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Old August 5th, 2010, 10:18 AM   #1
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Platinum Trophy Dynames' Signature Tutorial v2.0


This isn't so much Pro Tips but just things that everyone should know. I am not stating that I am a Professional Sig Creator because I am still learning new things and trying to apply it regularly to my work. I am simply sharing information and strategies I have learned and compiled them into one place. This is for anyone who needs general information on how to make Sigs. This should be useful for anyone and everyone. I will update this as I think of more information or techniques that I feel that anyone who wants to make Sigs should know. If anyone has any experience or strategies that I have not mentioned then please feel free to share. Feedback is encouraged.

Thank you and Enjoy the Read.

*All sigs featured here are all done by me at one point or another.

**Please note this tutorial is created with a PC User and Photoshop CS4 in mind.

Beginner Tips:

Canvas Size:

Before you are able to do anything, you need a canvas. The question is how big or how small. Generally a sig is longer than they are wide. 350 x 100 pixels, 400 x 150 pixels. they are bigger than an avatar which are usually 100x100 pixels but smaller than banner which start about 500 pixels in length.

For me personally, my sigs are typically 383 x 159 pixels.

You never want something too small, you will not have enough room to create a good flow, all your effects will be really tight together making everything look cluttered, and your focal will be small as well.

Too Small:

(350 x 65 pixels)

(350 x 70 pixels)

(400 x 80)

Focal is too small and the effects don't have enough room to get a flow. This is mostly caused by the lack of width to the sig.

You never want something too big either. You will have a lot of room to work but you are also going to have to fill that entire space up with effects, focals, text and what not. If you think you are just going to add a lot of content you are simply just going to create other graphics faux pas. Too many focals, text is too big, etc, etc. Even if you don't make everything large or add a lot of content, you are still going to have a lot of empty space.

Too Big:

(525 x 125 pixels)

(450 x 90 pixels)

(450 x 85 pixels)

There is a lot of empty space in these sigs. This is due the sig being too long in length

It's as they say, its not the size that counts but how you use it. For an ideal size, I would say, 250 px < X > 500 px in length and 100 < X > 200 in width. Unless you are going to make vertical sig which looks like:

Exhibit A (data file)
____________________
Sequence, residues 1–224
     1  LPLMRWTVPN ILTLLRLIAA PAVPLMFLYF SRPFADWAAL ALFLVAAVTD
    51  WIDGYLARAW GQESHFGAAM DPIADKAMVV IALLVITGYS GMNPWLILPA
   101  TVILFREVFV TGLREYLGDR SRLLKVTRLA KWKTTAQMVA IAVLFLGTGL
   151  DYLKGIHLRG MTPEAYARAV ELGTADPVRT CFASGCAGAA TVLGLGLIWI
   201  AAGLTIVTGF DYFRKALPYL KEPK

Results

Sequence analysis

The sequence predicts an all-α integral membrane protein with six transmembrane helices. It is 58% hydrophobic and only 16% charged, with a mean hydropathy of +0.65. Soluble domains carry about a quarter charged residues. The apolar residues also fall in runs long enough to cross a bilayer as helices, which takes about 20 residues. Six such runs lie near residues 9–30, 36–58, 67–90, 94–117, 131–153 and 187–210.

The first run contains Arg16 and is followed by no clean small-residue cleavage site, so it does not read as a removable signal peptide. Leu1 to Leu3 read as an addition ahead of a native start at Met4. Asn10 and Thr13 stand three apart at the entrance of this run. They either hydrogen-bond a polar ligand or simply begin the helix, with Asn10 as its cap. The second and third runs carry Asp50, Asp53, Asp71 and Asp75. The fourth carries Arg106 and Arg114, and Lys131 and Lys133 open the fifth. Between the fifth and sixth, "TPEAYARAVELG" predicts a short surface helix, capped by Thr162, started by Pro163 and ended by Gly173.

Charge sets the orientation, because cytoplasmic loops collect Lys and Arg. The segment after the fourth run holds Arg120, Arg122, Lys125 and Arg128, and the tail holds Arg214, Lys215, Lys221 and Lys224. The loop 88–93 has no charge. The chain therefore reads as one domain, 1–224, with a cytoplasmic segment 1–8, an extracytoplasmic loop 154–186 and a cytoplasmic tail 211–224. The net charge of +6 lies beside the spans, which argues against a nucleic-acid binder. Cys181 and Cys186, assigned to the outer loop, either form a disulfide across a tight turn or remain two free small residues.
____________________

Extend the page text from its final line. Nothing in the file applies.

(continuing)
(159 x 383 pixels)

You need to pick a size which you are comfortable with and know that you can fill the canvas without making focals, text, etc too large or making the effects too cluttered.

Canvas Size is a matter of preference more than everything else so this is a more of a guideline. There is no right or wrong but you need to be absolutely confident you can fill the canvas so everything meshes well.

Render Choice:

Try and using Renders and/or Stocks that have a Direction or as I call it "Flow", especially when first starting out.

Poor Render Choice:

Poor choice because the flow goes in 2 different directions: The sword points Left to Right and Rule 63 Dante is looking straight ahead. If she was turn to the right slightly and looking down the sword. This would be much better.

Proper Render Choice:

Proper choice because the flow goes in one direction. From Venom's eye down the pool cue.

Now this isn't absolute. It's possible to use a render with the flow going in multiple directions, its just a lot hard because one flow will always get in the way of the other. This contradiction makes it incredibly hard to adjust so the image works in the end.

Placement and Resizing:

Now that you have your render/stock in mind, now you need to consider where to place it on your canvas and re-size to the appropriate size. You want it big enough so the render stands out but you need to small enough so you will get enough of the render in the canvas so you don't end up with Floating Head Syndrome.

What is Floating Head Syndrome?

Just as it sounds, when you have a focal in your sig is just a head and no body.

Examples of Floating Head Syndrome:

How to avoid Floating Head Syndrome: